In my last blog post, we discussed how the Cisco SAFE methodology can help you to implement a reliable security solution for your store. This approach can help you define and address each threat to the retail branch with corresponding security capabilities, architectures, and designs – guiding you to a complete security solution against everything from worms to ransomware attacks.

Now, let’s take a closer look at the methodology itself. For a true security solution, your store needs to be protected on a number of different fronts, or “attack surfaces.” The SAFE methodology breaks these down into five core components: Humans, Devices, Access, Distribution/Core, and Services.

The 5 components of a secure store

1. Humans 

The people who use your store network are generally either employees or remote access users such as partners (increasingly supply chain partners). No amount of technology can prevent successful attacks if people in your company, both internal and partner users, aren’t trained to keep security in mind. That’s why we recommend complementing your security technology with regular awareness training and acceptable use policies for internal users, partners, and customers. In other words, security is also a change management responsibility.

2. Devices

Mobile devices such as tablets and phones are also part of the security architecture. This means that, if you aren’t using the network as a sensor, you’re not secure. Such visibility allows for effective containment through intelligent architectural design. It’s equally important to ensure that client devices are secure and that malicious devices are promptly quarantined.

3. Access

The access layer is where users and devices connect to the company network. As you can imagine, this is a major target for hackers and should therefore be the first line of defense within the Secure Branch architecture. For example, the access layer is where the recent WannaCry attack took place, over a Microsoft-based TCP port. The network as a sensor uses flow analytics to capture anomalies and provide visibility to attacks. Its purpose is to identify the users, to assess compliance to policy of devices seeking access to the network, and to respond appropriately.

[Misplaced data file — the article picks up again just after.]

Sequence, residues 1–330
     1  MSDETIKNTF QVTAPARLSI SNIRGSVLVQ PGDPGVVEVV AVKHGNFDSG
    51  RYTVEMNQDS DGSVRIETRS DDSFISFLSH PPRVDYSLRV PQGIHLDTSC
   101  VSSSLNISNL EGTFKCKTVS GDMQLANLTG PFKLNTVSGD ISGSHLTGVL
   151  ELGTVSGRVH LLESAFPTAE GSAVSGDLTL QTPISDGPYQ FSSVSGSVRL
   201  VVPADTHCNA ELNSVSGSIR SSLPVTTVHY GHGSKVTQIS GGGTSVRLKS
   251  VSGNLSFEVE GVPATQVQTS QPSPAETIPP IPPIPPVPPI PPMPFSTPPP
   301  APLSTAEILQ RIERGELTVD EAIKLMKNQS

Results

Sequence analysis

4. Distribution/Core

In-store networks have traditionally been built with the singular purpose of connecting point of sale (POS) systems to the corporate network. Recent security breaches, however, make it clear that such network architectures are no longer viable (Cisco, 2016). Instead, by segregating access from services, the core separates business traffic into discrete flows, helping assure security of cardholder and other data.

5. Services

Services connect the Secure Store to the outside data center, cloud, and Internet via service providers. It connects the access and distribution layers inside the branch to the security and inspection capabilities as well.

Thinking about applications

The 2016 Cisco security study also found that the highest security risk came from connected third-party cloud apps: nearly one-third (27 percent) of these apps created an issue. These open authentication connections touch the corporate infrastructure and can communicate freely with corporate cloud and software-as-a-service (SaaS) platforms after users grant access. However, the Ponemon Institute also found that application security controls can minimize the cost of cybercrime, and that overall, a strong security profile lets companies innovate while reducing the average cost of cybercrimes by nearly $3 million annually (2016).

Never stop thinking about security

A multi-layered approach to security such as SAFE can help you increase visibility and preparedness before, during, and after an attack. This enables a stance of constant readiness, response, and resiliency, and is designed to address threats throughout every business operation, process, and interaction.

For a more detailed description of the SAFE methodology in the branch, please see the new report, Why Hackers Love Retail: And What You Can Do About It with Cisco SAFE.

Be sure to follow Cisco at @ciscoretail.


Mary Freeman

No Longer with Cisco